For the first, ultrasonic range finders (aka Ping))) sensors in Arduino parlance) can be used to work out the distance from the four walls. You don't really care about the exact distance if you have 4 readings (left / right + front / back) since the ratio of left/right gives you your position across the room, and the ratio of front/back gives you your distance along the room. Of course, this depends on your robot (or ultrasonic sensors) remaining in the right orientation.

My thinking (correct me if I'm wrong) with the second option is to have at least 3 radios all transmitting on different frequencies positioned at strategic locations around the edge of the room - maybe 2 corners and a mid point of 1 wall opposite those corners to form a triangle. The important thing is that they surround the robot. Then you work out how far from each you are. You don't care about what they're transmitting, nor how long the signal takes to get to the robot. All you care about is the signal strength. If all three radios are transmitting at the same strength then the relative difference in strength between the three signals can give you your position in 2D space. Some fine tuning in the signal power so there's an easily measurable difference across the full range of the room may be in order.

• The only issue is that I'm not allowed to use ultrasonic and I can't place radios around the room -- only at the door. – Explosive Food Sep 21 '14 at 4:04
• This sounds like a homework question then - you have been handed a set of unreasonable random specifications that make no sense ;) – Majenko Sep 21 '14 at 9:50

It takes approximately $8m/3\cdot10^8ms^{-1} = 2.7\cdot10^-8s$ for electromagnetic radiation (EMR) to traverse 8m.

Hence $2.7\cdot10^-10s$, 270ps, or 3.7GHz for 1% resolution.

"covering radios with something to slow down the signals":
To transform 3.7GHz below the Nyquest-Shannon sampling theorem limit for a Raspberry-Pi, running at 700MHz, EMR would need to be slowed by a factor of roughly 10x.

I haven't found the numbers but, EMR isn't going to be slowed significantly more than a few 10's of percent by filling the room with a non-toxic material and with a fluidity sufficiently high for the robot to move. That approach isn't going to help.

Sound, by comparison travels at $340ms^{-1}$, i.e. $10^6, \text{ or } 1,000,000$ times slower.

So, by comparison sound takes $2.4\cdot10^{-2}s$, or 24 milliseconds, to cross the room, and hence $2.4\cdot10^{-4}s$ or 0.24 milliseconds, a wavelength of roughly 4kHz, for 1% resolution.

Ultrasound at 40kHzhas a wavelength of roughly 8.5mm, which should be good enough for reasonable resolution and accuracy.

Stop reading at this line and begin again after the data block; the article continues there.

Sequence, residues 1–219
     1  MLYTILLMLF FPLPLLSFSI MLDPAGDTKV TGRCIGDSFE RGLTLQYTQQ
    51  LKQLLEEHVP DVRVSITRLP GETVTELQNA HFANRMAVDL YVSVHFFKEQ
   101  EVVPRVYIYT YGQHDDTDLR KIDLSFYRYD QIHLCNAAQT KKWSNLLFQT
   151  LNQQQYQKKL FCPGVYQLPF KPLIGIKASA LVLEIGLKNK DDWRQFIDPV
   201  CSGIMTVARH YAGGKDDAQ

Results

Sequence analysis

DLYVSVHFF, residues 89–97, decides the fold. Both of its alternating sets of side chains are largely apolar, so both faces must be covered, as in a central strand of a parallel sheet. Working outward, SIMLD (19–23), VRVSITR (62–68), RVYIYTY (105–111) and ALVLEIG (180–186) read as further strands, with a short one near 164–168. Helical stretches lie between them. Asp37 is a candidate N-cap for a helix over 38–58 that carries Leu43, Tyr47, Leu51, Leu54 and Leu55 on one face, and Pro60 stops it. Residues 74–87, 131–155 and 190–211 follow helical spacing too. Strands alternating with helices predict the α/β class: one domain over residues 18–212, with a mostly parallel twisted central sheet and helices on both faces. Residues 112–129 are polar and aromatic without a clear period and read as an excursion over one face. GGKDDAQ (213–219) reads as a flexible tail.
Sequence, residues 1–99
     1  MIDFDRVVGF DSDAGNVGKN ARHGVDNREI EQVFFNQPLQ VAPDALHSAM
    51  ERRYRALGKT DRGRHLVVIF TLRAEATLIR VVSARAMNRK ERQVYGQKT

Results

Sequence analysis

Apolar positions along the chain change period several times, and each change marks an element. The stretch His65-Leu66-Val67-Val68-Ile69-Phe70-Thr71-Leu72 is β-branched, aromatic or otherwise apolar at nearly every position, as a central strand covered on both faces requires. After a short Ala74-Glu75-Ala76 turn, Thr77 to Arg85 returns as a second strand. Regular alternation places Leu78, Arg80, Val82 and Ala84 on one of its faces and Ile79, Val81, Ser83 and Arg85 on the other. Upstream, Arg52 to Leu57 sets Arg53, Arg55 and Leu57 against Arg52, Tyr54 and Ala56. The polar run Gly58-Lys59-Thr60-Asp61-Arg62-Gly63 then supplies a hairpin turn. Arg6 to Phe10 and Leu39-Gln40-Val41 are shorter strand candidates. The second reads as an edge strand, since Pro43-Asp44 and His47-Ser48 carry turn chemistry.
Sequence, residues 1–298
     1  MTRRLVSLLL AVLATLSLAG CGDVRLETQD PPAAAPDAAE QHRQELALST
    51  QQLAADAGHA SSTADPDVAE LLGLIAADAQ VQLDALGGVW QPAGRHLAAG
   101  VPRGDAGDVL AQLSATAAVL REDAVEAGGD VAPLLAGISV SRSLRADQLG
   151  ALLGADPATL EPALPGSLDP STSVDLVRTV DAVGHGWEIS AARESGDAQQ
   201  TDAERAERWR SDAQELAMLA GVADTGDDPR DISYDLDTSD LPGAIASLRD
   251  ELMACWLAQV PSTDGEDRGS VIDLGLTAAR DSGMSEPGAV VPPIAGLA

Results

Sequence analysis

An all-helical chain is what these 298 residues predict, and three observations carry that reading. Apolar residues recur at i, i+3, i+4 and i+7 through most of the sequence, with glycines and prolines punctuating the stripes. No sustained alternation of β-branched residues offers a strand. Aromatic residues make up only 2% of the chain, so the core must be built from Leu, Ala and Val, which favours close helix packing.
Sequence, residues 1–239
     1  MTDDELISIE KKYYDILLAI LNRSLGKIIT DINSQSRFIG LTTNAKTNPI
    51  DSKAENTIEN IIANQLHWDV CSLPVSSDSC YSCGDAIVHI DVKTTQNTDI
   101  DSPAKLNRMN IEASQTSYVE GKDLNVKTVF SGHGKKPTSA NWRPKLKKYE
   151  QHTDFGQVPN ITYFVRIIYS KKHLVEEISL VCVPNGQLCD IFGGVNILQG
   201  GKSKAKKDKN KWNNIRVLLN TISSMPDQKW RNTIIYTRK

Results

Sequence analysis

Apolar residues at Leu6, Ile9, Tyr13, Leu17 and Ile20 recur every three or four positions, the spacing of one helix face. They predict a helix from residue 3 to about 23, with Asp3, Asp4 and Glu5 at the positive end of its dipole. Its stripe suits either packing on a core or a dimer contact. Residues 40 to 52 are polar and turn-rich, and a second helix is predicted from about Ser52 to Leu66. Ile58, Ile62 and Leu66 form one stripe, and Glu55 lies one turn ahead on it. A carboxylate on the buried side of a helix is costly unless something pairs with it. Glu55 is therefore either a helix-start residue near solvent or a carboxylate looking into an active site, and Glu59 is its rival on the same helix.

• Thanks for the thoughtful answer, numbers really do help! I'm considering using BeagleBone Black (1000MHz) instead of Raspberry Pi (700MHz), but it doesn't look like it would help much in this case, the difference is still too big. – Explosive Food Sep 21 '14 at 3:57
• Also, I'm not allowed to use ultrasound. Let's forget the radios then, is there anything else I could do with placing things at the door? For example, I could place some image on the door and do image processing with a camera on the robot to determine how far from the door the robot is and robot's position. Can't think of any other way of robot determining its position without ultrasound. – Explosive Food Sep 21 '14 at 3:57
• @ExplosiveFood - To help people, please add the 'no ultrasound' constraint to your question. What resolution and accuracy do you need? Can you use audible sound? Have you, or have you access to, expertise and test equipment sufficient to solve the problem in the radio frequency domain? – gbulmer Sep 21 '14 at 11:26
• Accuracy of $\pm$10cm should be good enough. Can't use audible sound. As far as the expertise -- I'm more a computer science guy, so it's a bit new to me. Getting test equipment shouldn't be an issue as long as it would theoretically solve my problem of locating the robot. – Explosive Food Sep 21 '14 at 15:09
• @ExplosiveFood - Please add the ±10cm accuracy statement to your question. What update rate? As soon as you work in the Radio domain, rather than digital, it becomes much easier. There are vision-based solutions which would work to ±10cm in an 8m room. – gbulmer Sep 21 '14 at 18:50

Ultrasonic rangefinders, similar to those that were used in Polaroid cameras, could do the job. They have the range and are capable of accuracies on the order of one inch or maybe even better.

• Sadly, not allowed to use ultrasonic. – Explosive Food Sep 21 '14 at 3:59